Two Case Western Reserve University faculty members recently joined the ranks of the prestigious American Council of Learned Societies (ACLS) fellows. Elina Gertsman, associate professor of art history, and Daniel Goldmark, associate professor of music, were elected to this year’s 70-member class from more than 1,000 nominees.
The ACLS, a nonprofit federation of 72 scholarly organizations, is the leading private institution supporting scholars in the humanities. As fellows, Gertsman and Goldmark will receive stipends to devote six to 12 months on projects that aim to advance research in the humanities.
Gertsman, a medieval art historian, will conduct research in Europe for work on her book-in-progress, Figuring Absence: Empty Spaces in Late Medieval Art. She will work in archives, libraries, churches and museums across France, England, Germany, Denmark and Sweden.
“The inspiration for the book came when I was writing an article on death and violence,” she said.
In the article, Gertsman discussed an image that featured a prominent empty space between the protagonists. The image sparked her realization that empty space can often kindle one’s imagination more than explicit images of violence, she said.
The experience prompted her to search for empty spaces and, in turn, led her to consider the notion of horror vacui—a fear of empty space. Art historians often think of the concept as one of the definitive features of later medieval art, she said; her book strives to challenge this notion.
The fellowship runs concurrently with Gertsman’s year-long sabbatical in 2016, which starts in January.
After completing the research, she will return to write the book, her third monograph, slated to be completed by the end of 2016. Her second monograph, Worlds Within: Opening the Medieval Shrine Madonna, was published this month by Penn State Press.
To Goldmark, director of Case Western Reserve’s Center for Popular Music Studies, the fellowship will allow to give his undivided attention to writing.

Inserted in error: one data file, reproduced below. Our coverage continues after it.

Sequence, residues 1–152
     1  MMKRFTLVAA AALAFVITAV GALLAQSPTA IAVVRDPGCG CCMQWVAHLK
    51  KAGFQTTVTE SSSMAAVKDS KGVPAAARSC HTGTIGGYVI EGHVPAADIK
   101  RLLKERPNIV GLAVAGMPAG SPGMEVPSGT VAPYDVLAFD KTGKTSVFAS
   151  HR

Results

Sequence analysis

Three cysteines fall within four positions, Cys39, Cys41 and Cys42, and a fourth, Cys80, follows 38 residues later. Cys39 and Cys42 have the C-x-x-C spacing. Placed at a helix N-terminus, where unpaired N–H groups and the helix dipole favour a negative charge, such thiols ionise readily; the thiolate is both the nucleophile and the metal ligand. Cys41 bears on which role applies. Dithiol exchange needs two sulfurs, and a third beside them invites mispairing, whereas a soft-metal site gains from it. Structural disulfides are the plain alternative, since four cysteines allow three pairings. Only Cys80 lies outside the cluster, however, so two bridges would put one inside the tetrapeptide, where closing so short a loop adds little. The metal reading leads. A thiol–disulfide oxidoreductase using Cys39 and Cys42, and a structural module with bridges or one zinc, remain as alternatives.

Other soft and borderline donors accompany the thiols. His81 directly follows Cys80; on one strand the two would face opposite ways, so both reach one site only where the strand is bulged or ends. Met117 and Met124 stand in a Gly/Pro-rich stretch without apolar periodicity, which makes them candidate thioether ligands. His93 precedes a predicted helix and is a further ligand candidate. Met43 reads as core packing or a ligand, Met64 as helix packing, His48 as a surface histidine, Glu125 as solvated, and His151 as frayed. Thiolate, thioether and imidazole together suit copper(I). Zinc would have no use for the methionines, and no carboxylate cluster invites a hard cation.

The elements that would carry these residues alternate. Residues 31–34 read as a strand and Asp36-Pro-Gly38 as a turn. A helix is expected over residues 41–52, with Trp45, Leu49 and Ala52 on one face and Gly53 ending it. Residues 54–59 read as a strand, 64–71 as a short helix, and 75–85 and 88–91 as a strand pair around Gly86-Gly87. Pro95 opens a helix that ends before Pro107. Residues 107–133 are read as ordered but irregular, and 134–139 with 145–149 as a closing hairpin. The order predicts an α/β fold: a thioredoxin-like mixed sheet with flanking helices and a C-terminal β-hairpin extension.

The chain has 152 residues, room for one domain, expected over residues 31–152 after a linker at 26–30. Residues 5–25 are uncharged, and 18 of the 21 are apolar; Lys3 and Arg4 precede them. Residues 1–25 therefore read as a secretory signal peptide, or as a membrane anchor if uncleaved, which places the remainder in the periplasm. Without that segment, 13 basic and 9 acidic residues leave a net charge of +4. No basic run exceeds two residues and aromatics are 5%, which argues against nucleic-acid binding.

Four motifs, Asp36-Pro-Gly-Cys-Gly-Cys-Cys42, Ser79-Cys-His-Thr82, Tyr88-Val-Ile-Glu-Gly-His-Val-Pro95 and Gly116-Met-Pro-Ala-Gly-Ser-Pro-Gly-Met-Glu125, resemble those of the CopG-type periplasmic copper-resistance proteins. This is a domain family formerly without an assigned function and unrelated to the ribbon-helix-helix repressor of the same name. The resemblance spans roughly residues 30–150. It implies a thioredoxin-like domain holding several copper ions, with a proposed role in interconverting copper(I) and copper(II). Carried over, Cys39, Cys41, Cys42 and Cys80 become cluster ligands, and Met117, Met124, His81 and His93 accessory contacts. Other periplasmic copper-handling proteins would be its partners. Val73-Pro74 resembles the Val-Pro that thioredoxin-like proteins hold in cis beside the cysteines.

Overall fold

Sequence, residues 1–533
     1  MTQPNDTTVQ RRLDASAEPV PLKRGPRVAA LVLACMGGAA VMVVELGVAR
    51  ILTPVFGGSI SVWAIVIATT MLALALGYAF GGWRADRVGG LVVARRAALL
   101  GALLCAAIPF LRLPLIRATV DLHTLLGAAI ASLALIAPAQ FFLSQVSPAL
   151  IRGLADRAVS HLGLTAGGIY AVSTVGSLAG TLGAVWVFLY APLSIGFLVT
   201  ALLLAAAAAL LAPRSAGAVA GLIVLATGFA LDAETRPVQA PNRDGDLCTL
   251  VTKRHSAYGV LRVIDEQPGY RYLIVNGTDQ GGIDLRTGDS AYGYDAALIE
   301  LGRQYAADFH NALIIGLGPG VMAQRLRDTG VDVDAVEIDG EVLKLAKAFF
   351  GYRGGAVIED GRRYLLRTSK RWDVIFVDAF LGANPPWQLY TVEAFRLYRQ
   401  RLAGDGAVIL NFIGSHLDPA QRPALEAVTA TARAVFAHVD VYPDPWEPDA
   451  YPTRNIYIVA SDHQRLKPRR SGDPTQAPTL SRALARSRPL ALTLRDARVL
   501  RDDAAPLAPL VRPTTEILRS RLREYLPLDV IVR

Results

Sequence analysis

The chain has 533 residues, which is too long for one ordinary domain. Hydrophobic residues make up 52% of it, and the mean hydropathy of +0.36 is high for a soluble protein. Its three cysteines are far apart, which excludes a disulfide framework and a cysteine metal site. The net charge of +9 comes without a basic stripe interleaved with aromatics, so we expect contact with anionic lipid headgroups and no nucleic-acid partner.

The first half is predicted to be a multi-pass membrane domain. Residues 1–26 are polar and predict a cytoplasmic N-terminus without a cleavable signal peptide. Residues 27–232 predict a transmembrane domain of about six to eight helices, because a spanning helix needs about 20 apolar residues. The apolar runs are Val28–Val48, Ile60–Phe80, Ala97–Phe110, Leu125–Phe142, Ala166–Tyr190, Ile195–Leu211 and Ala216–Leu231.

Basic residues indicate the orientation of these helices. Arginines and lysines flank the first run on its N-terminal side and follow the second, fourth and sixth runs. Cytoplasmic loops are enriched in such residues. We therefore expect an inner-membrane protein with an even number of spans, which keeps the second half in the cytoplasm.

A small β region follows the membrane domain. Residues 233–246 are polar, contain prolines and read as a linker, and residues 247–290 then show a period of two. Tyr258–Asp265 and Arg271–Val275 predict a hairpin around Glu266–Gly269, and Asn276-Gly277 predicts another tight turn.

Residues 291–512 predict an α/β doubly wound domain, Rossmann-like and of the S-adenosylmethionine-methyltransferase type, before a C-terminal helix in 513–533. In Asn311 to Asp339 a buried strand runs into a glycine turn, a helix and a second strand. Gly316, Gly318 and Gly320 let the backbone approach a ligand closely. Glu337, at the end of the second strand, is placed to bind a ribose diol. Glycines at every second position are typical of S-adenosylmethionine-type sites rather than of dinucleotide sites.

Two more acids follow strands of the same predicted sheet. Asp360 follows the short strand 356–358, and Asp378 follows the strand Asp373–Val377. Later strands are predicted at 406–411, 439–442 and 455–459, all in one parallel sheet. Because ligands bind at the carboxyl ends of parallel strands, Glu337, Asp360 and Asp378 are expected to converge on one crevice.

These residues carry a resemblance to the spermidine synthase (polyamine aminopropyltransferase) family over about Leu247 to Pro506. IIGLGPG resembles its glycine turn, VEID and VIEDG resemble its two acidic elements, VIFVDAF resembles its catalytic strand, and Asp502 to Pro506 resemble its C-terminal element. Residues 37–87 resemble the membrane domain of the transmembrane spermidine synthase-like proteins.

“I don’t think I’ve ever had the time to do that,” he said.
The time will allow him to work on a project 20 years in the making: “Musical Stereotyping American Jewry in Early Twentieth-Century Mass Media” seeks to build on a discovery he made in the 1990s while working on his dissertation at the University of California, Los Angeles.
While studying animated cartoon music, Goldmark realized particular styles of music were used to introduce characters of certain backgrounds, including races and ethnicities. The practice wasn’t new to Goldmark, but he was particularly curious why only one song was usually used when a Jewish character appeared.
“The tune keeps coming back,” he said. “I want to trace its path.”
The ACLS Fellowship will allow him an entire semester and summer to focus on the Yiddish tune widely used in mass media since its creation in the late 19th century.
Goldmark will use sheet music and very early recordings to study music used to characterize and depict Jews—an effort that draws on his main research interest in determining how society articulates what music means.
Since 1961, Case Western Reserve University has had 30 faculty members named ACLS fellows.